I know–this time it really has been a while! No excuses; it’s just that working and having a life sometimes get in the way, right?
Earlier this week, I had the opportunity to be part of a morning of masterminding with representatives of major mortgage lending and servicing organizations and a group of top short sale and REO agents.
Eye opening? Yes and no. Here’s the inventory on both sides:
ENCOURAGING EYE OPENERS: The lender and servicer group reflected a strong grasp of short sales and acknowledged many of the property valuation, processing, and communication issues agents experience every day–things that frustrate earnest buyer offers and delay offer acceptance and closing. At one point someone in the agent audience at that discussion commented, “I think a lot of us wish we were negotiating these short sales with all of you!”
Also on the plus side, a lot of clarification and confirmation that–processing issues aside–its is the underlying investor who really drives the bus in short sales. It is their criteria for a return on investment and terms of settlement that mainly decide whether an offer will be accepted and a deal will close. The servicing banks (and other servicers) are now reorganizing their people and teams around the major investor groups–an acknowledgement of who is in charge. The Fannie Mae representative in the discussion said a lot of things to make it clear that working through servicers is no picnic for them either! Will things get better as a result of this rethinking and reorganizing–no doubt; now much better, who knows.
One sign of positive energy in all this, Fannie Mae’s representative pointed out an excellent Internet resource for homeowners www.knowyouroptions.com It a well thought out site that allows consumers (who take the time and initiative) to see their real options–how to help themselves when they are in default, or headed there.
Another plus, at least one major lender/servicer–Wells Fargo–acknowledged they are testing the Equator short sale processing system and hope to adopt it soon. Warts and all, Equator has helped B of A short sales improve for almost a year now. The agent crowd seemed to feel that steps like this are happening far too slowly. Maybe so. Why?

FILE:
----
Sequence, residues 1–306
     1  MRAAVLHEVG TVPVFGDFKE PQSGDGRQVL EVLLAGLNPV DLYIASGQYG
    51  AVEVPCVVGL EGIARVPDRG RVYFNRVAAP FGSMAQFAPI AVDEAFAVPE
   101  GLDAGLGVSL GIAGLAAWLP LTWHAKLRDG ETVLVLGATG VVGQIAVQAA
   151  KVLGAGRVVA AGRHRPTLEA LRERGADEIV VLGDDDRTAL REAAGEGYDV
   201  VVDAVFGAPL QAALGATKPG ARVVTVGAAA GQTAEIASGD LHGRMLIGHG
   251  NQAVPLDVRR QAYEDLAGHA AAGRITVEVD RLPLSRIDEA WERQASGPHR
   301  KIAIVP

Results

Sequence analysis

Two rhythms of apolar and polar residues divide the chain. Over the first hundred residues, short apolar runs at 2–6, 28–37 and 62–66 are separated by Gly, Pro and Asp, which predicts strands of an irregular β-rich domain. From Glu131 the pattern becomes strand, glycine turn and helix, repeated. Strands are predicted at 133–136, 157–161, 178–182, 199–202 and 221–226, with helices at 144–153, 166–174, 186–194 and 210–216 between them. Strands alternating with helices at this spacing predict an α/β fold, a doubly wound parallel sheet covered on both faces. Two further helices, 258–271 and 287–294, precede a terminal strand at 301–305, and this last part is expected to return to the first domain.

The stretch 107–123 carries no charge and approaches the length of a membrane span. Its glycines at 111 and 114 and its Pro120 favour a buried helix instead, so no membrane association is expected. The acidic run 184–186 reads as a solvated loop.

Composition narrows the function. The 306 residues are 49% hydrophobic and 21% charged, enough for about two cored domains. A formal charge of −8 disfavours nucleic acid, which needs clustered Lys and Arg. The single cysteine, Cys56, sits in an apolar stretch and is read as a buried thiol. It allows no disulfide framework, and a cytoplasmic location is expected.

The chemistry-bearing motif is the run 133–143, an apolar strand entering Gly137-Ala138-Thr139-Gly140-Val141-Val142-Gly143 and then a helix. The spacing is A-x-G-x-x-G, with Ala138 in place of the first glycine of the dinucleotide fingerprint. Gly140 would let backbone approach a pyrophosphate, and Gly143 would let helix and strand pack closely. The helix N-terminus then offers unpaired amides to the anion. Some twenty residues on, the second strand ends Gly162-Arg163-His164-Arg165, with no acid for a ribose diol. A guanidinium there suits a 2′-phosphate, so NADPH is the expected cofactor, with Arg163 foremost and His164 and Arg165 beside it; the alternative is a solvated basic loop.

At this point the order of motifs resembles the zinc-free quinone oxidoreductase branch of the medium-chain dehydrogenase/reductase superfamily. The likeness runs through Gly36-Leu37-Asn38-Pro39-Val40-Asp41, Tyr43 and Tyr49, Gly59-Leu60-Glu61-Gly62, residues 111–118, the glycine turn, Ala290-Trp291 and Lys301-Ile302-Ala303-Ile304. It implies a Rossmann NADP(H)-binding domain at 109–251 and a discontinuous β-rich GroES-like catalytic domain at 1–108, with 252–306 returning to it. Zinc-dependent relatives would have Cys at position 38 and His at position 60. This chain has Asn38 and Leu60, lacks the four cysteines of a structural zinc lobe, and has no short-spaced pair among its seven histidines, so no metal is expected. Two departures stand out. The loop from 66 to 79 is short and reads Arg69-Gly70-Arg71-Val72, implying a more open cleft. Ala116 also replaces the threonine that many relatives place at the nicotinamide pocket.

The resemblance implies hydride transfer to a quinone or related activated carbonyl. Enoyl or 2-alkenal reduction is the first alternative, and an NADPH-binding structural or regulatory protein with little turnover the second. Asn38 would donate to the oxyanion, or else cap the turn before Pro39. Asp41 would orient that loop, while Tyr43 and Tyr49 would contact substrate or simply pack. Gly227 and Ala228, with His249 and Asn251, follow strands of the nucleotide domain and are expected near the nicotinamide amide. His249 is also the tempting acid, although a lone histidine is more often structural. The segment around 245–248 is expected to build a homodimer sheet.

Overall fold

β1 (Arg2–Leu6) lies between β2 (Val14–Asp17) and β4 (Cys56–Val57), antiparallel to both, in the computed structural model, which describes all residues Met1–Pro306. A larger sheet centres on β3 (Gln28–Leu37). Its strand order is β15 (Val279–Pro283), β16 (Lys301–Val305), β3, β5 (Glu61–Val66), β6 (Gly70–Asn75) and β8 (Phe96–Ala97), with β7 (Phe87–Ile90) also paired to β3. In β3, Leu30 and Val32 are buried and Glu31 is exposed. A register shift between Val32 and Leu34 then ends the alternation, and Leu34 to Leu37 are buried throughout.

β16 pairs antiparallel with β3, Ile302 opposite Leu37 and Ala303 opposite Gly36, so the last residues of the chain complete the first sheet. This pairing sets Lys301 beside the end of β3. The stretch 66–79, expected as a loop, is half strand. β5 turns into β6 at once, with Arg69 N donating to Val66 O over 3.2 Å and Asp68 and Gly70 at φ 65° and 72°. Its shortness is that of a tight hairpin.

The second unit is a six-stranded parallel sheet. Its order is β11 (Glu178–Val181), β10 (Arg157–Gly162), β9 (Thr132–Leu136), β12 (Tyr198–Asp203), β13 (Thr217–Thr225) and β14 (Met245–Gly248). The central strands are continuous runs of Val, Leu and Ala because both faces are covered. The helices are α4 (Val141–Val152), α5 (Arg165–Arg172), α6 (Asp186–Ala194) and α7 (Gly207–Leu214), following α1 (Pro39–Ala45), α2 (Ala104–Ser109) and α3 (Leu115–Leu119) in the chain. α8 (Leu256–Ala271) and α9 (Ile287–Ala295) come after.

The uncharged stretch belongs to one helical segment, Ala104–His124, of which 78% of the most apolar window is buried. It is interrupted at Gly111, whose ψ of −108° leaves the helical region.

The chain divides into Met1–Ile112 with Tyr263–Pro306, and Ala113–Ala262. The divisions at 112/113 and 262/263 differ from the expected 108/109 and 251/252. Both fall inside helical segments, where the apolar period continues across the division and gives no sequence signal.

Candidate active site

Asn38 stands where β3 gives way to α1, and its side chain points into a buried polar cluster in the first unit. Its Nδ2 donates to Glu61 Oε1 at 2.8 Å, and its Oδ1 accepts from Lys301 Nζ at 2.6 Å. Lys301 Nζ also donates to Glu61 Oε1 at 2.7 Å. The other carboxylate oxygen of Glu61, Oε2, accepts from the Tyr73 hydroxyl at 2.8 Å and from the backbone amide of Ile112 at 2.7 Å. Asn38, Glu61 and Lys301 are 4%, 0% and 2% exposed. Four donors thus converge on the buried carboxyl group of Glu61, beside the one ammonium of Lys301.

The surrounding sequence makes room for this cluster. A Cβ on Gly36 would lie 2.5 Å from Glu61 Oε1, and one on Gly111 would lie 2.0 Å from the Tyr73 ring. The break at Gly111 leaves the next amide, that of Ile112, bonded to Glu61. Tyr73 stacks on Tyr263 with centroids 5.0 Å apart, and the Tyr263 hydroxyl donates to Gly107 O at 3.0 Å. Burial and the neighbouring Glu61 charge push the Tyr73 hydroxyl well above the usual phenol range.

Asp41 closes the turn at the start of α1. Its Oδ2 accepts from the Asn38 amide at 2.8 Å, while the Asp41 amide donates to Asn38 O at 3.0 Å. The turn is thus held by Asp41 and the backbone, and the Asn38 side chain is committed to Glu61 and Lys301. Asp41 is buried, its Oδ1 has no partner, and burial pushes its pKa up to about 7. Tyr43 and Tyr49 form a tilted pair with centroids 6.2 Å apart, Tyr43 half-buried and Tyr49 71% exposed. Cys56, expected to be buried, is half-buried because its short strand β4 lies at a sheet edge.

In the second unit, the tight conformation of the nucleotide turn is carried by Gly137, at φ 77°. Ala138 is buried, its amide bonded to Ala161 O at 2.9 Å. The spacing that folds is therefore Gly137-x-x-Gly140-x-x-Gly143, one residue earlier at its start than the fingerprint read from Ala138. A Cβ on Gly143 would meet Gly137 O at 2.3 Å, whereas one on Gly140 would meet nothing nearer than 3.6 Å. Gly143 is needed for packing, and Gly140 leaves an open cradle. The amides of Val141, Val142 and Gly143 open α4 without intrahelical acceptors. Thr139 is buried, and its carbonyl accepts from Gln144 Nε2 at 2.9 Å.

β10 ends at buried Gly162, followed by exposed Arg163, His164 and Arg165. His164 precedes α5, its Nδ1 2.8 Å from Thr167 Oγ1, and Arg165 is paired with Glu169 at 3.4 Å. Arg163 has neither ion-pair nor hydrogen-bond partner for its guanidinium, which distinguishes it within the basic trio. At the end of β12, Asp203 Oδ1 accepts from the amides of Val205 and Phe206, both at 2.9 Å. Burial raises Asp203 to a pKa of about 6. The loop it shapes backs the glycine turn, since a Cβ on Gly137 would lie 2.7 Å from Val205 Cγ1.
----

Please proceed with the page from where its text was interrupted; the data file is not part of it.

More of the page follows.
DISCOURAGING REALITY CHECK: The large lending and servicing organizations definitely know short sales don’t work well–even with the improvements of the last couple of years. How much do they want to speed the process up? That’s very unclear. There was little acknowledgement of the need to better train and motivate their staffs that handle the front lines of loss mitigation. There was a lot of reference to various “initiatives” to improve service and communication–but a notable lack of specifics.
Talking with a lot of agents in attendance afterward, it seems all our concerns about the extent of banks’ motivation to clear out distressed inventory remains a mystery, shrouded behind “the curtain” that surrounds their overall financial strategies. For example, do they and their investor clients truly see short sales as offering an economic advantage over foreclosures?
The concept and image of “the curtain” is so commonly accepted today that even a couple of the bank representatives alluded to it in their comments. The last few years have seen more and more use of the term “transparency”–to describe what is sorely needed in the world of consumer financial services generally.
Whether the topic is mortgage landing, credit cards, or investments–everywhere there are cries from both government and consumer advocates for more clarity–about terms, required return for the lender or product provider, and benefits for the consumer.
We seem to know now how we got into this “mortgage mess.” A lot of it had to do with pervasive greed, institutions’ deceptive practices, and consumers’ wishful thinking.
The question is–are we acting like we learned something as we work to extricate ourselves from “the mess.” Until we act smarter and move faster, we’re sentencing ourselves to a long and agonizing economic recovery.
The recovery is not all about real estate–but real estate is playing a huge part. I left these sessions feeling like I could hear a lot of muttering undertones of resignation–“it is what it is.” Probably true, and that’s too bad–for all of us. We need to keep fighting for more and better short sales. The outcome is still in our collective hands.
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